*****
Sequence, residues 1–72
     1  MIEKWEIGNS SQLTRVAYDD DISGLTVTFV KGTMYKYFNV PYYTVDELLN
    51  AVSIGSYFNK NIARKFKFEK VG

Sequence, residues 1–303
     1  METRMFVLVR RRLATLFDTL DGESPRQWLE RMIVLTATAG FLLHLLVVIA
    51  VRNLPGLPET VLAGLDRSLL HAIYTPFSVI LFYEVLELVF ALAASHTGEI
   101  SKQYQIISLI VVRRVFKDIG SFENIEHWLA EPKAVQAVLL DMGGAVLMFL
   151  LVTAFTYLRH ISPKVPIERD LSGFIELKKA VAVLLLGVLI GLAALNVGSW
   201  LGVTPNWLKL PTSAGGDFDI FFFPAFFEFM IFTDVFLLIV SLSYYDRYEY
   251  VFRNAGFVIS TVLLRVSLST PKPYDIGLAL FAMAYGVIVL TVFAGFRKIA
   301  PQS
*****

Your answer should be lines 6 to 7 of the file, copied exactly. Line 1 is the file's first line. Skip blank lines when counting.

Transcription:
    51  VRNLPGLPET VLAGLDRSLL HAIYTPFSVI LFYEVLELVF ALAASHTGEI
   101  SKQYQIISLI VVRRVFKDIG SFENIEHWLA EPKAVQAVLL DMGGAVLMFL